Coastal surveillance challenge

July 2009 Surveillance

Hassan Ahmed of CBC (Europe) explains how detection and tracking systems are helping secure vulnerable waterside locations.

Coastal and waterside environments have long posed significant challenges for security planners, not just because of the toughness of the operating conditions and the wide areas that can need protecting, but because of the potential severity of the risk.

But industry is developing some increasingly effective answers. As recent incidents have shown, rivers and seashores are attractive operating grounds for some particularly unpleasant criminals – terrorists, pirates, traffickers – and they are notoriously hard zones for authorities to police. A combination of developments in surveillance hardware and software mean that new tools are available to detect, track and monitor boats, people and vehicles. These can be deployed either permanently or temporarily in response to intelligence. They can be used to protect the most vulnerable areas, including easy points of entry, harbours, sensitive installations – and private property – and they can also be set up in operations which proactively target areas where criminals are known to operate.

What has opened the way to more effective surveillance of these areas is, first of all, improved camera design. The availability of units which are capable of operating in very adverse atmospheric conditions and resisting the corrosive effects of sea-spray, dust and chemicals (as well as knocks and rough handling) has made remote CCTV surveillance along coasts practical and affordable. The cameras will not only do the job, they will not need replacing or servicing every few months.

Features such as built-in wipers and optically flat, replaceable windows, as well as IP67 weather rating, mean that cameras can deliver high definition images, close to the water’s edge, for much longer periods than older style units.

But this is just the first step. Equally important is the ability to detect and track potential suspects and to get clear images of them. And perhaps most crucial of all for these applications is the development of automated analytic systems which allow extensive areas to be kept under watch without the inevitable human error creeping in, or the need for unworkably large numbers of trained camera operators.

The latest systems use either radar or thermal imaging (or both) to detect potential targets whenever they enter pre-defined zones. These zones can be both on land and on water and they can be easily adjusted as environmental conditions change.

Suspects can also be automatically tracked and when they enter areas of particular concern, human operators and response teams can be alerted.

In more detail then, first, let us look at thermal detection. People, animals and vehicles give off characteristic heat signatures that allow thermal cameras to pick them out, translating the thermal signals into high definition images on-screen. Thermal image capture works even when intruders are camouflaged or hidden in overgrown terrain.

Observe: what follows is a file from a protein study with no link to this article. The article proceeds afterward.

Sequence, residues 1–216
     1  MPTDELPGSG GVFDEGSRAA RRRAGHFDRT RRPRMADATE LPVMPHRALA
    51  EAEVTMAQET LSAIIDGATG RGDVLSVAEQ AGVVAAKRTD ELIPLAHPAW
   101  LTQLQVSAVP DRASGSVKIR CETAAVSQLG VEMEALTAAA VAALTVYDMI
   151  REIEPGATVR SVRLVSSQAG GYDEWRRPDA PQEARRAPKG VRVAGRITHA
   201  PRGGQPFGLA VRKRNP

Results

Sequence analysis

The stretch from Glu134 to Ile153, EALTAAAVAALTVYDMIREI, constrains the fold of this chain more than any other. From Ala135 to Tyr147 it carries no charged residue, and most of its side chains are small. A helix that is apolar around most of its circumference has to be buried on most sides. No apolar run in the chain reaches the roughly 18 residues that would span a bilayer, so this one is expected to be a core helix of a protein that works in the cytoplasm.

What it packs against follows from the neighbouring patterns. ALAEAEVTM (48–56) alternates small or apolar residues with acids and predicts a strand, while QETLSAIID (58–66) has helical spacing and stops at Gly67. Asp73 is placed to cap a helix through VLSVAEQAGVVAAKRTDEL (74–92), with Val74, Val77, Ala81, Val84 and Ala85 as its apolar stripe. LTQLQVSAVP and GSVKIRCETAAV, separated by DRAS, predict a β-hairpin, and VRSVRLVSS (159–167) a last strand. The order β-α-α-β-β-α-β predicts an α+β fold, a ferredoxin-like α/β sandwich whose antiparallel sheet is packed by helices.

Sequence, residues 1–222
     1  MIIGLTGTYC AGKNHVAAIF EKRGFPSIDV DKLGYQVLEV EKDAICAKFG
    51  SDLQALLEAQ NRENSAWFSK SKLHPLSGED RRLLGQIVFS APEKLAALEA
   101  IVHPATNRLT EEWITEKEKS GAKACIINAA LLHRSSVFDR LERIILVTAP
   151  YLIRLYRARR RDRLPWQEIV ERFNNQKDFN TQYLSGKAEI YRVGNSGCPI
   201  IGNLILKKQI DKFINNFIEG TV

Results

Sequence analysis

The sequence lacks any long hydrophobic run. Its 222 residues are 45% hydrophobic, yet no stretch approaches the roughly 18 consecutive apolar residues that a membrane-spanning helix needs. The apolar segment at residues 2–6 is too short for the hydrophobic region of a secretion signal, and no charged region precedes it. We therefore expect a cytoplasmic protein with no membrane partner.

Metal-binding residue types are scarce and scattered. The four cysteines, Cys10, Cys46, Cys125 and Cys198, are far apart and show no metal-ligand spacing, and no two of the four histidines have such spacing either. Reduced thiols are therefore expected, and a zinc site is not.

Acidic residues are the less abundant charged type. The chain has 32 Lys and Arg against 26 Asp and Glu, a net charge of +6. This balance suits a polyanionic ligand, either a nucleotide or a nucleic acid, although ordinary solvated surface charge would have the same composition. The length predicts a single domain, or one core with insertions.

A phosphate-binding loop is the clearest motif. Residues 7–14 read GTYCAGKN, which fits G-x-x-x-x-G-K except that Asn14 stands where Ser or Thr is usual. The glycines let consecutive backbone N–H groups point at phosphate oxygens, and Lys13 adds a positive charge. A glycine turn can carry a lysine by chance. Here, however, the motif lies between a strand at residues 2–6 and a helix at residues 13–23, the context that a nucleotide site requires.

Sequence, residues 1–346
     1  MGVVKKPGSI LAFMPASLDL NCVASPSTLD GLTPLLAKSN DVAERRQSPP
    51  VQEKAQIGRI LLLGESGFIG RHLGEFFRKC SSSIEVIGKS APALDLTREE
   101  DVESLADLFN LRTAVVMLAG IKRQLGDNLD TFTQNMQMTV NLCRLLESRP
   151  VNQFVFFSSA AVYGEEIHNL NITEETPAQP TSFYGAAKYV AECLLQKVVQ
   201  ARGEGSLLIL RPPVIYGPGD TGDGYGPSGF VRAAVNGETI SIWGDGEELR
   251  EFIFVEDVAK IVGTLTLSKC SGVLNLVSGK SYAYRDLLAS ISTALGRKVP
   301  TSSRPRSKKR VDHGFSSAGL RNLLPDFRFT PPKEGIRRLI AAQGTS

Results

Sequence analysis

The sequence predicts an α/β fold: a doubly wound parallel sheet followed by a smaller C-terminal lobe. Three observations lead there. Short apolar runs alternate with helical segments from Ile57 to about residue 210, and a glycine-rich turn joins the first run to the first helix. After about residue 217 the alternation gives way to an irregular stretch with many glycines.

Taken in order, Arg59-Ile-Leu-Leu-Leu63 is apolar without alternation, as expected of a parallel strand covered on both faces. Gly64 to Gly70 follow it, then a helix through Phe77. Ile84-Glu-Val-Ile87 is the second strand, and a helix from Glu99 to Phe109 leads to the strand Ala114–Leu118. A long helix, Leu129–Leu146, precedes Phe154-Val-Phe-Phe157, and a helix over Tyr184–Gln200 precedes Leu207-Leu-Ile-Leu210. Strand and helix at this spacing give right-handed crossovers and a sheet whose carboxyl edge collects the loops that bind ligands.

To supplement this advanced unit a range of specialist cameras is also available including a series of compact, fixed thermal cameras which can be economically added to existing CCTV systems, allowing security levels to be enhanced with thermal imaging.

The second technology advance, radar detection, is equally valuable for waterside applications. RadarView, will detect all intruders entering the secure zones and automatically track them, by controlling up to five CCTV cameras. In the control room security staff are alerted only when they need to be and so the system removes the need for operators to continually scan through monitors.

The radar units scan a complete 360° across open spaces – water or land – and will detect any person, vehicle or other object that enters the specified secure zone. It will operate without difficulty in all lighting conditions, down to complete darkness, and all weather conditions, including thick fog or smoke.

This capability makes it particularly useful for security for long border lines and open spaces and for giving advance warning of targets approaching.

Finally, the value of infrared surveillance should be remembered. Whether protecting private property, open spaces or sensitive installations the use of invisible infrared can give planners real flexibility. It not only delivers clear image capture without the disadvantages of floodlighting, it can help security teams keep one step ahead of intruders with totally covert monitoring.

Again, using the latest technology makes coastal surveillance applications more practical and affordable: today’s long-life LED-based illuminators will last for years before they need servicing or replacing.

Taken together, all these advances – in surveillance hardware and software – mean that coasts and waterside sites no longer need be as vulnerable as they once were. There is no reason why criminals should go undetected in these areas.

For more information Colin Harding, contact CBC (Europe), +27 (0)83 780 4123, charding@cbc-sa.com, www.cbc-sa.com





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